Anyone who regularly reads this column knows l have spent much of the past year calling on the UNIX community to pay serious attention to desktop UNIX. Not only have lexhorted vendors to develop small, friendly, shrink-wrapped versions of UNIX, but I have discussed at length the market effects on companies such as Santa Cruz Operation (SCO), if UNIX does or does not meet the challenge.
The good news is that UNIX vendors have perceived the same need ldid and have understood that the desktop UNIX must look and feel a whole lot different than its predecessors. USL and Univel have made surprisingly giant strides in this direction. SCO, in its own way, has continued to improve its high-end product, ODT. What Sun is doing, other than standardizing on SVR4, is open to conjecture, but the Solaris’s portability to Intel systems shows an appreciation of this platform.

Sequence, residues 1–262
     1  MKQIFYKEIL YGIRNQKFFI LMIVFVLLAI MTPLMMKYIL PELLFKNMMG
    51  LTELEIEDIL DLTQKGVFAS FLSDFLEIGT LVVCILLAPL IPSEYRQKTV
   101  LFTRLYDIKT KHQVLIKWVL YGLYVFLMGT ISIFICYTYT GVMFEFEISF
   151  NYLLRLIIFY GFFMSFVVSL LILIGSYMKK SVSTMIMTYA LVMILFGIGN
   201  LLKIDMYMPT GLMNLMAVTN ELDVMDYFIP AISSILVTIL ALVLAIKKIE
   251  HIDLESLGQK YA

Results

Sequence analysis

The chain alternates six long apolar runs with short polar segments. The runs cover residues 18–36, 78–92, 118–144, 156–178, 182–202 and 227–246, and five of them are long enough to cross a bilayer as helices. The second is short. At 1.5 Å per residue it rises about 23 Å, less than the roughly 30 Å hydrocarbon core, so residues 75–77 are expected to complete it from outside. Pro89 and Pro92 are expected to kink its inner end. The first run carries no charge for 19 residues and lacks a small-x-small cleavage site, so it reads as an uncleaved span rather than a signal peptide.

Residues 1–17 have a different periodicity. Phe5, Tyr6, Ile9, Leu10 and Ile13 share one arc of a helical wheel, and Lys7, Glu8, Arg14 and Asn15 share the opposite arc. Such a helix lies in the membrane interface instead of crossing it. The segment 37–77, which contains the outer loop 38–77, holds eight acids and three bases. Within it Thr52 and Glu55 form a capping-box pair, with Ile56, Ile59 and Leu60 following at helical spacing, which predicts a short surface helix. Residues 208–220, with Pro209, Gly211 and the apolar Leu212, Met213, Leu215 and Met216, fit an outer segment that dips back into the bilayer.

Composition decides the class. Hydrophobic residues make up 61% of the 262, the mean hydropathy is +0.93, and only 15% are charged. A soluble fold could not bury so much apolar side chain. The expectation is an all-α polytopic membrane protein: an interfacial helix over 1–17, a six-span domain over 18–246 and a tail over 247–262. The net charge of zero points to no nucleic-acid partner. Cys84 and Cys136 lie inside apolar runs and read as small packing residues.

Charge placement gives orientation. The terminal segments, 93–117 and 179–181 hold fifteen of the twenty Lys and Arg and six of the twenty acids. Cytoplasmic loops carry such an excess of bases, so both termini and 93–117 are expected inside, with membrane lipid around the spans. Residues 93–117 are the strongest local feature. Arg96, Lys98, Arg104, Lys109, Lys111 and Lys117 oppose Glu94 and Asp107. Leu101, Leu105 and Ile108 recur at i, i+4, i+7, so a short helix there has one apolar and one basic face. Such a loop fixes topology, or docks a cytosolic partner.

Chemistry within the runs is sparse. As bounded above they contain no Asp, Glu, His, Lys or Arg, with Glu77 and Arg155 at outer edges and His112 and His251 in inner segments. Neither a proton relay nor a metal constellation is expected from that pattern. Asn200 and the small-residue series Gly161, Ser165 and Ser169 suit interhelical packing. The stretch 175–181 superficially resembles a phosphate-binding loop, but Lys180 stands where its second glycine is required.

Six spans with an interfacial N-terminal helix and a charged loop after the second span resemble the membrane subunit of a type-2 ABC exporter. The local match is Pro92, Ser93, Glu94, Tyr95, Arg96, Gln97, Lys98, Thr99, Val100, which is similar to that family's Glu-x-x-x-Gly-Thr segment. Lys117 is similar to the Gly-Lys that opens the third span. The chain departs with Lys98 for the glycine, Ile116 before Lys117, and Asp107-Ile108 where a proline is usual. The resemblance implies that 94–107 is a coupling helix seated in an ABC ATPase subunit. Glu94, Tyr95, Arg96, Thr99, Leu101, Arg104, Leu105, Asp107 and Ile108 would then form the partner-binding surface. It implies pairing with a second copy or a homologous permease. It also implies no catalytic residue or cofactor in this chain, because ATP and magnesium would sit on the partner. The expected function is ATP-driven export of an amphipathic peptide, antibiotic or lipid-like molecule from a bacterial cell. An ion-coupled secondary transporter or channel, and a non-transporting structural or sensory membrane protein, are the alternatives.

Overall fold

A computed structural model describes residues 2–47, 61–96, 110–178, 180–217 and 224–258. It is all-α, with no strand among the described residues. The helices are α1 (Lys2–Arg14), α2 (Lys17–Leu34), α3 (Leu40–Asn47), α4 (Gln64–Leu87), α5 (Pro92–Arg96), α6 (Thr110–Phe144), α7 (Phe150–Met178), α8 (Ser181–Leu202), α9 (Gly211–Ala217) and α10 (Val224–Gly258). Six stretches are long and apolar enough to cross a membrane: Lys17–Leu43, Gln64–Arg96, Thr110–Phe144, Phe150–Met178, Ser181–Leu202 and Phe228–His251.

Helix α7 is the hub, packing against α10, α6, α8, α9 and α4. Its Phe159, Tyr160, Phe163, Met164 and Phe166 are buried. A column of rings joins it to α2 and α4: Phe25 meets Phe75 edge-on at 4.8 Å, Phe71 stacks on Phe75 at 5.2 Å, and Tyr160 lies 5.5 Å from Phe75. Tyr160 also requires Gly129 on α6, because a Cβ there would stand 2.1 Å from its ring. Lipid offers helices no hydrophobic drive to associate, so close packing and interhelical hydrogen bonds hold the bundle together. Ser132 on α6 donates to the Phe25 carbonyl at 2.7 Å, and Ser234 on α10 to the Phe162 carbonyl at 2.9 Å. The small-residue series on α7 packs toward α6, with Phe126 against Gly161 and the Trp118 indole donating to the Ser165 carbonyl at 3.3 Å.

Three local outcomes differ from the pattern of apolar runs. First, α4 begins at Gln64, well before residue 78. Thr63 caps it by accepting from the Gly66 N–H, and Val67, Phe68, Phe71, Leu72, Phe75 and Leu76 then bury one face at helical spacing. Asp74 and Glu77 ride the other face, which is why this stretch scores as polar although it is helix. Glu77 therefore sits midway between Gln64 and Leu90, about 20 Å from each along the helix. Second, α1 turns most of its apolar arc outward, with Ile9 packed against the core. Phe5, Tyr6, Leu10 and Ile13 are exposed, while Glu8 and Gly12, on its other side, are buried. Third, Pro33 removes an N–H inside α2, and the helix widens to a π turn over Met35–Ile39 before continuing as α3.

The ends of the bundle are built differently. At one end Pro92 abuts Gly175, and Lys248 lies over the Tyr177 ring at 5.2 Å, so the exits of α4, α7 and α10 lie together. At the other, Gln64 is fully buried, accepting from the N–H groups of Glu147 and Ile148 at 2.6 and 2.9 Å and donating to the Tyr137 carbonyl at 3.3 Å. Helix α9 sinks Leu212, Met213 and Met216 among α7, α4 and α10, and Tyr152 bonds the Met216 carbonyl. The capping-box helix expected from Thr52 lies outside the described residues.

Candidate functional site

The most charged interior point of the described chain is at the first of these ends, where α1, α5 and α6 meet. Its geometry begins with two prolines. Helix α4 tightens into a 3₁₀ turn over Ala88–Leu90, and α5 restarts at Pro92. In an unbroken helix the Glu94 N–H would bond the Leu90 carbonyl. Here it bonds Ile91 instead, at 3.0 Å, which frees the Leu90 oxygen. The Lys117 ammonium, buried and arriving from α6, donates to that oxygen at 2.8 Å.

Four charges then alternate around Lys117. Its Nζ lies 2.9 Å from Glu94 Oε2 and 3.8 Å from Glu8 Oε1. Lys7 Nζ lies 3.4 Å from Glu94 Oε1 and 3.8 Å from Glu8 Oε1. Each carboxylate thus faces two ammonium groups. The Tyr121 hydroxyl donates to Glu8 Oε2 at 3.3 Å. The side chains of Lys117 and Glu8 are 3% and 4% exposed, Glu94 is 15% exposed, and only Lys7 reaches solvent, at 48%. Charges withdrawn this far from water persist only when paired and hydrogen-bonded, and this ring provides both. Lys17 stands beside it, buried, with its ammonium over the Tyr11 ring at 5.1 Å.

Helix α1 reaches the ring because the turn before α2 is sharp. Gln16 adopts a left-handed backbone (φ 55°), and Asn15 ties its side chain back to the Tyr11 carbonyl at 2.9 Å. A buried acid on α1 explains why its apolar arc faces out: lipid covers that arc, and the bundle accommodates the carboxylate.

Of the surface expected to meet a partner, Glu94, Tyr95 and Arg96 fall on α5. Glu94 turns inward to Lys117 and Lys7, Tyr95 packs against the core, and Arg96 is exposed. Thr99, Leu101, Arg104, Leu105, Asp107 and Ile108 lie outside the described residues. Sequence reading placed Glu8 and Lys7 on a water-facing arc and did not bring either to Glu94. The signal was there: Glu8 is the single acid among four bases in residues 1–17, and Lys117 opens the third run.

For 1992, UNIX’s understanding of the strategic importance of the desktop rates very good. The next question is: Can UNIX market its wares?
The marketing arena is critical. Here, the main opponent is Microsoft and its vast marketing resources. For example, the recent UNIX Expo in New York had more vendors and more attendees than ever. The mood was by and large…